Body Scan

body scan

Hello! I have received some wonderful feedback and queries and I have taken the time to really think about my responses.

I hope the ten breaths have been working well and I hope you are ready for an “add-on”. If not, no worries!

A concern from a stroke/TBI survivor is with regards to loss of focus and forgetting which breath she is on. Here are two suggestions. First, place hands in a sort of prayer position on your lap. As you breathe in and out, gently apply pressure to your thumbs which are touching. In the next breath in and out, apply pressure to your index fingers. Continue this way through to your pinkies and then start again at your thumbs for round two. This eliminates counting and should alleviate some possible stress around memory.

Secondly, when I timed myself for ten breaths, the process took between a minute and a half and two minutes. In the whole scope of a day, a couple of minutes is not a lot of time. If you drop everything for a little bit of concentrated “you” time, you’ll be amazed at how much your focus will improve overall.

Regarding the add-on; this is an adaptation of Jon Kabat-Zinn’s body scan and Robert Peng’s Qigong work. Sitting or lying down, start at your toes. Take a natural breath in and out and imagine a warm, golden light surrounding your toes. Next, move up to your feet, breathe in and out naturally, and feel the heat of the energy wrap around your feet. Continue this process, moving up your body, to various points. The diagrams below indicate areas to focus on; however, if you have a particular areas that causes more distress and pain than others, you can always stay there longer before moving on. The diagrams also show a front view and a back view. The front view shows three spots along the torso. These are called your Lower Dantian, Middle Dantian, and Upper Dantian. The back view shows the same spots along the spine. You don’t necessarily have to focus on all of these spots. You may feel more comfortable simply scanning various points from your toes to your head. Just enjoy!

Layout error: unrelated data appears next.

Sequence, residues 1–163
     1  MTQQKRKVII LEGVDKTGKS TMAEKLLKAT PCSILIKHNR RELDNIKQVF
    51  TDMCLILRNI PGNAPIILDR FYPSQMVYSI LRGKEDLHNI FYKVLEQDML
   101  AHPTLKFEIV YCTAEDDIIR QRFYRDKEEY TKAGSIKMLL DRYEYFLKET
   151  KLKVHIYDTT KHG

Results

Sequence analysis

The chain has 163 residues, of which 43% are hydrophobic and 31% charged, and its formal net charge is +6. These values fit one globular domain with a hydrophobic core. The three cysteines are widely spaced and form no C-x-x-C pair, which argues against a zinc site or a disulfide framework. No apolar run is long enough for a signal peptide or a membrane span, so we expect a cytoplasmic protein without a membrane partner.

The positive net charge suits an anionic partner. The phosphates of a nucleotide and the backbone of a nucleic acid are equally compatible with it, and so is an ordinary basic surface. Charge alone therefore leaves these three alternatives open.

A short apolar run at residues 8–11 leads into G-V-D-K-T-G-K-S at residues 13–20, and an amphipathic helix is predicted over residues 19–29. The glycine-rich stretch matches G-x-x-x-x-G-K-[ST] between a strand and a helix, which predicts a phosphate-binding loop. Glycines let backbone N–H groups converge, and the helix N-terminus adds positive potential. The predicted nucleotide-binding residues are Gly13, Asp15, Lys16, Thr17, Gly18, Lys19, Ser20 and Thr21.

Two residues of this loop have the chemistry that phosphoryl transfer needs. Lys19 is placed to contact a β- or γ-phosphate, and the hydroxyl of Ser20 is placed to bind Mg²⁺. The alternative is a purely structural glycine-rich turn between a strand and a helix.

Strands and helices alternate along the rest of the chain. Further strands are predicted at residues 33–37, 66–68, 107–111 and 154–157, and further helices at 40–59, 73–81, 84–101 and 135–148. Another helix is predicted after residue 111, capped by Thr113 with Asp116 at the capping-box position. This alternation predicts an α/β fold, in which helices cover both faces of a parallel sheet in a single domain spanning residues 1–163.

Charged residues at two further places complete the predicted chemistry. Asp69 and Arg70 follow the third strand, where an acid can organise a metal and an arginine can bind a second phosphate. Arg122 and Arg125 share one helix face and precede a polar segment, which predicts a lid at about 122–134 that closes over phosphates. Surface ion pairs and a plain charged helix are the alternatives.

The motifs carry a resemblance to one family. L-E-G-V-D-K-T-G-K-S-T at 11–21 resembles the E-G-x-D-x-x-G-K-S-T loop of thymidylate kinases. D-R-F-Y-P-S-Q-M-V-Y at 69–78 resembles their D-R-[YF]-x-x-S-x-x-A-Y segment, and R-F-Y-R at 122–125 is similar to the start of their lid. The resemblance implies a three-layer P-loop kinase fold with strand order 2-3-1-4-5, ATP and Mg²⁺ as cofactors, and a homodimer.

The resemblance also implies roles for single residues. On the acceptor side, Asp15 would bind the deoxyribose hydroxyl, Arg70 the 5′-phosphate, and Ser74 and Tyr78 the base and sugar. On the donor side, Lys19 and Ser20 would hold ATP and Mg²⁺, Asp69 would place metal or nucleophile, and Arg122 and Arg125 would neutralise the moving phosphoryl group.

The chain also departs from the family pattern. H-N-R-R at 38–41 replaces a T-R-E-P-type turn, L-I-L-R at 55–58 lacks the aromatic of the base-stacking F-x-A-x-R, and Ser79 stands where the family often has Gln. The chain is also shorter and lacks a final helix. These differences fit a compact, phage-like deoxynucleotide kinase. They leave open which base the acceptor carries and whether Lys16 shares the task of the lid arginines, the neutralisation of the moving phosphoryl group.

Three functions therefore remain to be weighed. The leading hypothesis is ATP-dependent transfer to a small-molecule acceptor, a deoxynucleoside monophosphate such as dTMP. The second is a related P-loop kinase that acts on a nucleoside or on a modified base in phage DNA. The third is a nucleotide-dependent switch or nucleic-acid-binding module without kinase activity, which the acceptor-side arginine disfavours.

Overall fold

I believe that doing the scan in silence is optimal, but I realize that it can be quite difficult. There is a plethora of amazing instrumental music on youtube and you can also find guided body scans on youtube ranging from fifteen minutes long to an hour long.

Don’t fight the thoughts that come into your head, simply observe release them. If you forget a spot, no worries – go back to it later, or on another day.

Again, feedback is awesome! Take care.

body2body3

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